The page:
Is the International Women, Peace and Security Agenda Universally Applicable? A Study of the Implementaion of UNSCR 1325 in Palestine

Author(s): Carmen Keshek
Final project
Year of publication:
Gender, Peace and Security
Number of pages:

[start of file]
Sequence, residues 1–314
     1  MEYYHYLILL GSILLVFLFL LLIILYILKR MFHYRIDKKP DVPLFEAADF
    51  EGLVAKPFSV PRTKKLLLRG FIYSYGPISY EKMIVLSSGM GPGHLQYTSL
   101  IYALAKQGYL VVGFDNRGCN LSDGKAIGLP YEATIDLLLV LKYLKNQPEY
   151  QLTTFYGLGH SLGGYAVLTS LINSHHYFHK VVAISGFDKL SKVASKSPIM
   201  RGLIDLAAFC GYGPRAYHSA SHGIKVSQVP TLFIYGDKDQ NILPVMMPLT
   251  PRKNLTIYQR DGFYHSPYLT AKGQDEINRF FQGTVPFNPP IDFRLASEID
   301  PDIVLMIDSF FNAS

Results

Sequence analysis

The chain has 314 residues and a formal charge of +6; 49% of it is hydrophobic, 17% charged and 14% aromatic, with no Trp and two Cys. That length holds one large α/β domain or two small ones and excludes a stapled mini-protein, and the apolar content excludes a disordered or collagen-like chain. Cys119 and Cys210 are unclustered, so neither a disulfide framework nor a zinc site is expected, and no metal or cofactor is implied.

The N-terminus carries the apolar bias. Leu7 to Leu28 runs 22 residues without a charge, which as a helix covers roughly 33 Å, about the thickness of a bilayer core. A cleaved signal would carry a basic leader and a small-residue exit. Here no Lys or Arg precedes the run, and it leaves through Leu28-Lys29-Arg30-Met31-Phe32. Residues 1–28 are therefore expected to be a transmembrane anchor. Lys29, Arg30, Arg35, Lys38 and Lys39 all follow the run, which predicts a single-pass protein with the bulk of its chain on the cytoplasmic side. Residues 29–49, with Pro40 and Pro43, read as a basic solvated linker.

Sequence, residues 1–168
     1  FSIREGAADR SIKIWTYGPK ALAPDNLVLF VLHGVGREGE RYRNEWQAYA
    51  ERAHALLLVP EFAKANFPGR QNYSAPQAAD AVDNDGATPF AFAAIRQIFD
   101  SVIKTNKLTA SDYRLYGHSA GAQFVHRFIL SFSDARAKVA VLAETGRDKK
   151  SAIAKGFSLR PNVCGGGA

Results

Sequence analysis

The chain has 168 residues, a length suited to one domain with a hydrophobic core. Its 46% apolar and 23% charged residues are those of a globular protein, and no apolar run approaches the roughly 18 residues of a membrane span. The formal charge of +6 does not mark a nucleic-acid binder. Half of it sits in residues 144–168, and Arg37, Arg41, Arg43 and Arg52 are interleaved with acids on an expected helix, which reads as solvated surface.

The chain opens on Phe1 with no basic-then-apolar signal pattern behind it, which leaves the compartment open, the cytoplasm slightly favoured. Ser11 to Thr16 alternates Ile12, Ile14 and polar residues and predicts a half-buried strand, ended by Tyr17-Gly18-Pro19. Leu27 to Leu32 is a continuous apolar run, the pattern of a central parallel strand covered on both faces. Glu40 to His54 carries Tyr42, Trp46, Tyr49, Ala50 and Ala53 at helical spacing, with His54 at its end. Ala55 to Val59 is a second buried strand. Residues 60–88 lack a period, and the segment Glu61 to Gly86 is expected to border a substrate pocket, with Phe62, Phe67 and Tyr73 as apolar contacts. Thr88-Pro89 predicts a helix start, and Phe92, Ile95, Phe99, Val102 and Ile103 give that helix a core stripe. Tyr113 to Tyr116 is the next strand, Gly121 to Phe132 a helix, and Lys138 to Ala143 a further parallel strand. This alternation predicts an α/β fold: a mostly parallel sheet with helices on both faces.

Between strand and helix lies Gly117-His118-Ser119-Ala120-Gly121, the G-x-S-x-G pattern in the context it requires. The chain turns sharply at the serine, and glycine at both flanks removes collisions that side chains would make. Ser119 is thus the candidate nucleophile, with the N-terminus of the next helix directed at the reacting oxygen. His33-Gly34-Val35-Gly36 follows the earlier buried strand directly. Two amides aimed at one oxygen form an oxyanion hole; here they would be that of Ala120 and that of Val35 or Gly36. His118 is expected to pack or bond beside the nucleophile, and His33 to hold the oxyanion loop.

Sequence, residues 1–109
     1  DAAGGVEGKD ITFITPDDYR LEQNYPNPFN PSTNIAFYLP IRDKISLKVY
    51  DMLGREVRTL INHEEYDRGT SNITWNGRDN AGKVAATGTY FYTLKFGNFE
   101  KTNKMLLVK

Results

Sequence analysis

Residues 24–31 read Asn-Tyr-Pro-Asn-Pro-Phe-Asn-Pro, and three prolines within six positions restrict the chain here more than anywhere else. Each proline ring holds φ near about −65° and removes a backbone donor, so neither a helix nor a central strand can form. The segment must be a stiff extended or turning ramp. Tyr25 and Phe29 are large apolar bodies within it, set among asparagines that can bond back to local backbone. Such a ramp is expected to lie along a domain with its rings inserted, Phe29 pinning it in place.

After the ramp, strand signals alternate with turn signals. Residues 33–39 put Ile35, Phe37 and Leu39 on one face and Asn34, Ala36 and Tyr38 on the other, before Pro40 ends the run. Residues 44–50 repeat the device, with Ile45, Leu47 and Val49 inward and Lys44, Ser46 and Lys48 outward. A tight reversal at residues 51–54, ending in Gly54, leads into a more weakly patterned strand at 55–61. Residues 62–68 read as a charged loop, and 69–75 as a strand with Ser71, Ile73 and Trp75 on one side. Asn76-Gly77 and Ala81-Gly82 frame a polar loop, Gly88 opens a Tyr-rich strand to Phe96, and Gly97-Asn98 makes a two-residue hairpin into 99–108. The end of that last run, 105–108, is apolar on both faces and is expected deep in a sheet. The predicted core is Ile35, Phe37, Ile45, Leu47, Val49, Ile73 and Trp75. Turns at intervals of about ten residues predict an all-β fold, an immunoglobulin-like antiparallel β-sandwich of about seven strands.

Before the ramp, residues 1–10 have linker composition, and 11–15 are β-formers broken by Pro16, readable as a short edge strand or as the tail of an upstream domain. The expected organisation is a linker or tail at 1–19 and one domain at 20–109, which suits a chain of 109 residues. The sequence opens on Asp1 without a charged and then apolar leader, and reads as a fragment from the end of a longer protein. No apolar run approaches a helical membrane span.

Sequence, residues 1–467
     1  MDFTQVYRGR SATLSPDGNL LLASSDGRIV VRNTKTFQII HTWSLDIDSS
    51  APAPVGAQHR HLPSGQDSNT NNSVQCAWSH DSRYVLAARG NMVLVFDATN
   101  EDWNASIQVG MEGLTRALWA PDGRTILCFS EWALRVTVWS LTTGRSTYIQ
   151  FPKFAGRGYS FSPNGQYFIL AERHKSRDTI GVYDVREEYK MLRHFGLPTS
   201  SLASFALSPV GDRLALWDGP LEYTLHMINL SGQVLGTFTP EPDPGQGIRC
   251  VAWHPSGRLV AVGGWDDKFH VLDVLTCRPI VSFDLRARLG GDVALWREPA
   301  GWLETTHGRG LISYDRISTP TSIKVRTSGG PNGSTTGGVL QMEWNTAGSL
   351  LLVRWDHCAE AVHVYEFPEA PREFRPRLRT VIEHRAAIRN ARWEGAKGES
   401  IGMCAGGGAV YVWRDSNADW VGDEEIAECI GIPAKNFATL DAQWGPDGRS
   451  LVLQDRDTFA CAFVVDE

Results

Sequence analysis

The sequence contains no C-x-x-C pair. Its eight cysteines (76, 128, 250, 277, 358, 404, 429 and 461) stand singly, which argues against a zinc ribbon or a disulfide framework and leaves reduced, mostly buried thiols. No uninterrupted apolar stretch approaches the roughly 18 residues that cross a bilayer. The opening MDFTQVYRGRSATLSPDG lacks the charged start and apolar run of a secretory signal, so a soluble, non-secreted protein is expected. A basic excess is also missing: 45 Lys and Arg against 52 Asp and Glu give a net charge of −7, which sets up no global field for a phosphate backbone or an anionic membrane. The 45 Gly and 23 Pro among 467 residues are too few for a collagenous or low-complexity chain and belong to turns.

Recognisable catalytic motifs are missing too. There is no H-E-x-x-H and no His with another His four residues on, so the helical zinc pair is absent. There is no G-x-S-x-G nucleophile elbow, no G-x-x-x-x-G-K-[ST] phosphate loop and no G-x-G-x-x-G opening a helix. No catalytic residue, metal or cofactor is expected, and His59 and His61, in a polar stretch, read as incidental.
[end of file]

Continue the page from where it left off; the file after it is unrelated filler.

This doctoral research project will analyze the impediments that hinder the implementing the Security Council Resolution 1325 on Women, Peace and Security in the occupied Palestinian territories. This research will conduct this analysis through analyzing the colonial relationship between Palestine and Israel, and the hegemony of the international community; represented by the United Nations. The research argue that the rise of Women, Peace and Security agenda as a normative framework within the liberal values and norms of the western community cannot be implemented to the unique case of Palestine which is still under the ongoing Israeli colonization. On the contrary, the resolution will maintain and further entrench the masculine patriarchy in global and local politics. The research will proceed with the analysis through the use of constructivist theory of international relations on norms diffusion to figure out the rise of the norm of Women, Peace and Security in the global system, and the consequences of securitizing women's issues. Moreover, the research will use post-colonial theories, especially Edward Said's, and the critical feminist theory to understand the reproduction and reconstruction of liberal hegemony on colonized states like Palestine.